Consider the diagonal functor $\Delta_\mathcal{J} : \mathrm{Set} \to \mathrm{Set}^\mathcal{J}$, given by $\Delta_{\mathcal{J}}(X) = J \mapsto X$. This has left and right adjoints, which in the case that $\mathcal{J}$ is discrete we may call $\Sigma_{\mathcal J} \dashv \Delta_{\mathcal J} \dashv \Pi_{\mathcal J}$; these represent "$\mathcal J$-indexed coproduct" and "$\mathcal J$-indexed product" of sets, respectively. For example, $\Sigma_{\mathcal J} F = \coprod_{j \in \mathcal J} F(j)$.

Now consider the groupoid $\mathbb{B}$ of finite sets and bijections. Unlike $\mathrm{Set}$, $\mathbb{B}$ has no products or coproducts (any category with all products or coproducts is necessarily connected). However, it is monoidal in (at least) two ways, given by disjoint union and Cartesian product of finite sets. For discrete $\mathcal J$ with a finite set of objects, we can construct an analogue to $\Sigma_{\mathcal J}$ in $\mathbb{B}$, namely, $\Sigma^{\mathbb{B}}_{\mathcal J} : \mathbb{B}^{\mathcal J} \to \mathbb{B}$, which intuitively "acts just like $\Sigma_{\mathcal J}$"; this works because disjoint union is functorial in $\mathbb B$ and preserves finiteness. However, I am not sure how to formally relate $\Sigma_{\mathcal J}$ and $\Sigma^{\mathbb{B}}_{\mathcal J}$. Since $\mathbb B$ does not have coproducts, $\Sigma^{\mathbb B}_{\mathcal J}$ does not arise as a left adjoint to $\Delta_{\mathcal J}$. We can define a functor $\Sigma_{\mathcal J}(U \circ -) : \mathbb B^{\mathcal J} \to \mathrm{Set}$ (where $U : \mathbb B \to \mathrm{Set}$ is the forgetful functor), but extending this to a functor $\mathbb B^{\mathcal J} \to \mathbb B$ seems problematic since there are no interesting functors $\mathrm{Set} \to \mathbb B$; intuitively, $\Sigma_{\mathcal J}(U \circ -)$ "forgets" too much.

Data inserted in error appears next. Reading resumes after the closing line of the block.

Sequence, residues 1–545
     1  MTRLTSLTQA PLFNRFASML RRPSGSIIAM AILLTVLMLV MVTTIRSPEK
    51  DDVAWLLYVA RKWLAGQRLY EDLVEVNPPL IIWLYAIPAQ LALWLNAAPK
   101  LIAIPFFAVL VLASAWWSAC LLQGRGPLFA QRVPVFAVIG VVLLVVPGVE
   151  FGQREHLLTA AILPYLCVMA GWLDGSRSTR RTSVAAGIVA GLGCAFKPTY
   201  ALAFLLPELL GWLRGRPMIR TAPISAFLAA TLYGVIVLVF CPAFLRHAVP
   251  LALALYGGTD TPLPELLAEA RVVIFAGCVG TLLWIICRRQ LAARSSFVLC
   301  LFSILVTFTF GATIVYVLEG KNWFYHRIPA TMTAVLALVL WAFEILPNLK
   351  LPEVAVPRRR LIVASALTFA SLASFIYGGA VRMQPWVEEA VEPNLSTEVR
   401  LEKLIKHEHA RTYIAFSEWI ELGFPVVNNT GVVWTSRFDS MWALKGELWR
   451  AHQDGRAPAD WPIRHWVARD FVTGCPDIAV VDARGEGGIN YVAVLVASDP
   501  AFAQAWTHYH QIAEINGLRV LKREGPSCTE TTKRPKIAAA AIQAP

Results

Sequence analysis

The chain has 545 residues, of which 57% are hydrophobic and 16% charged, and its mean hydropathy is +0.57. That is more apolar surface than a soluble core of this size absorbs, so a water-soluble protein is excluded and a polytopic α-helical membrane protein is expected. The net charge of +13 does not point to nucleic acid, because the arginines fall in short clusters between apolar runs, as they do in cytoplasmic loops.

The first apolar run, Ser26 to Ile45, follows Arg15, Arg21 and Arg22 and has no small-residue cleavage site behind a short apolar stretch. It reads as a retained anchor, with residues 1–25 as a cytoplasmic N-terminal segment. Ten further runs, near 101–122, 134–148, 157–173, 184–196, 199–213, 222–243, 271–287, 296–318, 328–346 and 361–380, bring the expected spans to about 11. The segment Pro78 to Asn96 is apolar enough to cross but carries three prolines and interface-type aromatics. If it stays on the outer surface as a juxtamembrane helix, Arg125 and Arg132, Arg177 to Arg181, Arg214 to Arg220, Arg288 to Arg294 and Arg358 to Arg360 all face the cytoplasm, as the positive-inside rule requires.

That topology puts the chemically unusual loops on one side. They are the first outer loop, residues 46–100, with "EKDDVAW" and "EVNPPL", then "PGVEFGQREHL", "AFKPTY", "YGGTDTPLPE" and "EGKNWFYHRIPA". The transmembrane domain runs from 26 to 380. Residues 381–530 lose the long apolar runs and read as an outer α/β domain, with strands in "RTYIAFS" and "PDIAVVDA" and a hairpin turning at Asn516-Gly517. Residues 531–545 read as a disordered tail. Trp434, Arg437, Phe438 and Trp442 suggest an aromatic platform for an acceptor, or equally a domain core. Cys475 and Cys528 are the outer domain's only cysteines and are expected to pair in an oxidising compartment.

Is there a "nice" way to construct $\Sigma^{\mathbb B}_{\mathcal J}$? My real goal is to generalize this to other categories besides $\mathbb B$; so, more generally, what properties does a monoidal category $(\mathcal{C},\oplus,0)$ need to have in order to be able to define some sort of "indexed monoidal product" $\bigoplus_{\mathcal J} : \mathcal C^{\mathcal J} \to \mathcal C$?

J, then use this to take theJ-iterated monoidal product" approach, because you're working in a constructive setting. However, what definition of "finite" are you using forJ? In such settings there are several options for this? If you assume thatJiscardinal-finite, then you can use the indexed-monoidal-product approach without difficulty. In fact, I may expand this into an answer. – Peter LeFanu Lumsdaine Apr 29 '14 at 21:50